Remember Cash for Clunkers?
Aiming to boost new car sales, get the nation rid of old, polluting vehicles and indirectly save the troubled carmakers, the program worked like a charm. According to the report submitted by the Department of Transportation, 680,000 older vehicles were replaced by new, more fuel-efficient ones in a period of just a few months.
According to the report, the program saw, as a twist, the foreign carmakers benefiting the most from the program. In the top five best selling carmakers under the program, only two are American, the rest being Japanese. Toyota was the undisputed leader, with 19.4 percent of the buyers going for the Japanese maker, followed by GM and Ford (17.6 and 14.4, respectively). Honda and Nissan came in fourth and fifth, with 13 and 8.7 percent, respectively.
Of course, there are some claiming the program, looked from new angles, was a bust. Mostly because of the declining sales result for the seven months that followed the conclusion of the program and the fact that the program failed to bring new customers into the market. In the view of economists from the University of Chicago the University of California, the program only delayed the recession in the industry.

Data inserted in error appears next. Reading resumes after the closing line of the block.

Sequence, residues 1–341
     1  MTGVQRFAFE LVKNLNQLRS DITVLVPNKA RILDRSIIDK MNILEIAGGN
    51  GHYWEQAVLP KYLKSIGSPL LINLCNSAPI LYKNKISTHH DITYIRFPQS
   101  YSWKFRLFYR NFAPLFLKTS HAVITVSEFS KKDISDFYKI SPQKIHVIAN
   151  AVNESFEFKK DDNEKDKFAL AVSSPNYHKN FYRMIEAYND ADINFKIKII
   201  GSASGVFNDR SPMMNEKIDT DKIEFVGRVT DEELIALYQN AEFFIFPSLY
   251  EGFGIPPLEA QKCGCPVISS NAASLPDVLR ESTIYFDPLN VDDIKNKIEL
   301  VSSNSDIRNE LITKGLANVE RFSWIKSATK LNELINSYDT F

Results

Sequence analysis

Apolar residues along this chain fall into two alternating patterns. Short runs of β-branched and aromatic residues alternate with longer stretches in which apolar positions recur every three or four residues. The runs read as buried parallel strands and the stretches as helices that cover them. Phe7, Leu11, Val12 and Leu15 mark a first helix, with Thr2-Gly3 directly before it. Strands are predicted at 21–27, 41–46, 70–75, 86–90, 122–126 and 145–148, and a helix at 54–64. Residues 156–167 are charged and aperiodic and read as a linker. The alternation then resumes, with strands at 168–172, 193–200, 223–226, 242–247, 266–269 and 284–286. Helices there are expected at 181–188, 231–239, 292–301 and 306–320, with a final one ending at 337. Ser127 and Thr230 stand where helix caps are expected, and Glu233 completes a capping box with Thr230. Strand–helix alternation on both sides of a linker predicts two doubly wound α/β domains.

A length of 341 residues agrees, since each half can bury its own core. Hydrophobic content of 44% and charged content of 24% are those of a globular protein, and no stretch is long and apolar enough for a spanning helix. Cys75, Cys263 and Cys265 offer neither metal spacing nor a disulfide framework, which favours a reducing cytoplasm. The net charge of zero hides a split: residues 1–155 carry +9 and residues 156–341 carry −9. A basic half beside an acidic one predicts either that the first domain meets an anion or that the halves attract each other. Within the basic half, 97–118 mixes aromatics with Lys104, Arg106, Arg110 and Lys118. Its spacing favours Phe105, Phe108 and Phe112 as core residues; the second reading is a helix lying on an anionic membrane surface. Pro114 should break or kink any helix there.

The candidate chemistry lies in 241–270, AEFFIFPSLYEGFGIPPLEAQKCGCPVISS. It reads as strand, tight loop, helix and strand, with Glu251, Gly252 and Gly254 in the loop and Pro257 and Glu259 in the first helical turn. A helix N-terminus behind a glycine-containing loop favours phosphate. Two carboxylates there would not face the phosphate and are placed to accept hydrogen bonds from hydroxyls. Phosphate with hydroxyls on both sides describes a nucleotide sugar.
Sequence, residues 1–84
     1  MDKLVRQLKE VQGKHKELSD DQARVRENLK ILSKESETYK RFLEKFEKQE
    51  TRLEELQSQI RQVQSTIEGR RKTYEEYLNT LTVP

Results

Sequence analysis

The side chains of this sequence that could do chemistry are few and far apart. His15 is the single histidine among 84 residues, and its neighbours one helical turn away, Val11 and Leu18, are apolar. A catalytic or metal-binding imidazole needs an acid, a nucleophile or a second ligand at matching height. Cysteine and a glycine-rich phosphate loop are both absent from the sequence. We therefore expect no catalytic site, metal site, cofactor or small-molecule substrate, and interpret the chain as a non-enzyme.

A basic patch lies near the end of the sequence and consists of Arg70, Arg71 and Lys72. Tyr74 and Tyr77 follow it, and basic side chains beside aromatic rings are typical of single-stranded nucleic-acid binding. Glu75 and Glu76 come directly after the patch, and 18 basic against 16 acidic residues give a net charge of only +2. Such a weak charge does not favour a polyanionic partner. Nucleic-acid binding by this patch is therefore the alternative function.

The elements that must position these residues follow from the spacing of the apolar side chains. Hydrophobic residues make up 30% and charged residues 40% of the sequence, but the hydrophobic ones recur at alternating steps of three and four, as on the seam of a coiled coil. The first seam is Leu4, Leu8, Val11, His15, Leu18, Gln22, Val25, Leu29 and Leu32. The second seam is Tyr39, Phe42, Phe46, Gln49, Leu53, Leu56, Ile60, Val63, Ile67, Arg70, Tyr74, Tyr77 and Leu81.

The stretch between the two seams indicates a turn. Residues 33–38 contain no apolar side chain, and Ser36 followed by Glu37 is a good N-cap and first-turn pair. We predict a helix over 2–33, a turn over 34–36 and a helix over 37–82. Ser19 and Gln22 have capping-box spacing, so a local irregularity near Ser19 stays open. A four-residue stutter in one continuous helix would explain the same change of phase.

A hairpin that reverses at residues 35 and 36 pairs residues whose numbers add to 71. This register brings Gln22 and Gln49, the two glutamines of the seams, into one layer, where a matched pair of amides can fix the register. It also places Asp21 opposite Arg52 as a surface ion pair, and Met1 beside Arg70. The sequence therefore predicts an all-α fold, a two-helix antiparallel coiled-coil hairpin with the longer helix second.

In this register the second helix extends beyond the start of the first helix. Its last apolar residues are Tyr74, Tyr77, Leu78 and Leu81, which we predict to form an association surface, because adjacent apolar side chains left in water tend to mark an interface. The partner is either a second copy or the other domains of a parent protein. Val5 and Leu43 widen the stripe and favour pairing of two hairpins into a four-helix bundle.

"You could argue that if you're in the depths of a really bad recession, maybe shifting purchases of automobiles by even a couple months, maybe that's a useful thing to do," Amir Sufi from the University of Chicago told npr.org.
"But I think it's incredibly important for policymakers to understand that whenever you induce the purchase of any good - whether it be homes, whether it be a washing machine — you are in some sense stealing those purchases from the very near future."